What we got a lot of in the beginning in England was – if we did a concert somewhere where people hadn’t come specially to see us – we’d start singing and people would just stare and be totally bemused by this act. It happened a lot in gay clubs especially, that it would start like that and people would be going, “What is going on?” but then they’d be whooping and hollering by the fourth song, especially when it got to Kate Bush. They really did appreciate that in the gay clubs.

In America it’s very different, because it’s a sound that people know and it doesn’t need to be justified; it’s just something that people get. So it’s just a question of audiences deciding if we’re good at it or not. And so far people seem to think that we are.

Do you find that you play different venues in the States than abroad?

Again, it’s as varied in Europe as it can be. We’ve played art centers, gay clubs, burlesque parties – we’ve done all sorts. And obviously we’ve done our own tours, which tend to be more in music venues. We’ve even played in rock venues. So it really is very varied.

But even in the States, during the tour we did, there was a big difference in the types of venues we played at. For instance, in San Francisco, the venue we played was a big ballroom and the occasion was a big dress-up party, where a lot of people that like to dress in the 1940’s style and do the dancing came to see us. But we’ve also played at Splash in New York, which is a gay club. It’s really quite diverse.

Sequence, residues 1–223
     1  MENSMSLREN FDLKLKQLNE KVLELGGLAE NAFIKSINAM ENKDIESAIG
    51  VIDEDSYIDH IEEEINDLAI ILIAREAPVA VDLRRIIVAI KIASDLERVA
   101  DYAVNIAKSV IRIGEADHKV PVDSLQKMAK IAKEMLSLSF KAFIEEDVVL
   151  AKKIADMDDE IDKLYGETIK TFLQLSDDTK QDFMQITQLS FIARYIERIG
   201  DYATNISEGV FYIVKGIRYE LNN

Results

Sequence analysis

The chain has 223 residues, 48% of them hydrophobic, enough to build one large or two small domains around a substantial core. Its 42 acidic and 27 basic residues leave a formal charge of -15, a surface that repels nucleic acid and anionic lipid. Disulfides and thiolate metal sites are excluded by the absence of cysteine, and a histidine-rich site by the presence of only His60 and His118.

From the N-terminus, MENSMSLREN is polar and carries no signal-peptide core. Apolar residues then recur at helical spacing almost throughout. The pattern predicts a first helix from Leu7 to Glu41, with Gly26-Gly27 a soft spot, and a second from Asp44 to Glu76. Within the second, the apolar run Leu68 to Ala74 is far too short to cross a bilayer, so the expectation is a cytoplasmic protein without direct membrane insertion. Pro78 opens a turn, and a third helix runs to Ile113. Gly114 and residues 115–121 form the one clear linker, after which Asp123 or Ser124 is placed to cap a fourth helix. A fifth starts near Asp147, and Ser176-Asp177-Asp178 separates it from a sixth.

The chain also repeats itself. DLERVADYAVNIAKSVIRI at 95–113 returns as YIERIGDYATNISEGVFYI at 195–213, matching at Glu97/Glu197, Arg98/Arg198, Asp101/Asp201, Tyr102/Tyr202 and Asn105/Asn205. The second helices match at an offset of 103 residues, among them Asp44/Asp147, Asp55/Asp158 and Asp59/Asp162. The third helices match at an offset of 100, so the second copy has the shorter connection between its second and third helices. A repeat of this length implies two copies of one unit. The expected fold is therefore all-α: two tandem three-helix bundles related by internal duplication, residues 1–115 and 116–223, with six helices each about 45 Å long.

We have groups like the Brian Setzer Orchestra and Pink Martini, so there are already people here sort of doing what you’re doing.

And I do think that the Andrews Sisters have remained in the public consciousness. It just seems to be a part of your culture, which is not the case in Europe at all. Although in Italy, people get it quite easily as well.

In Europe it seems to be a lot of fashionable and trendy people who’ve cottoned on to what we do. In America we still don’t know exactly who it is that likes us. Although, judging by MySpace, there are a lot of young people that like to dress up like we do.

You’re doing a few dates on the True Colors Tour this year. Are there plans for a tour beyond that in the States?

We have to be back home after that because we’ve got dates in the U.K. We might come a bit earlier though, because we definitely would like to be in America longer. It’s definitely going to happen. We’ve already got gigs booked for February 2009.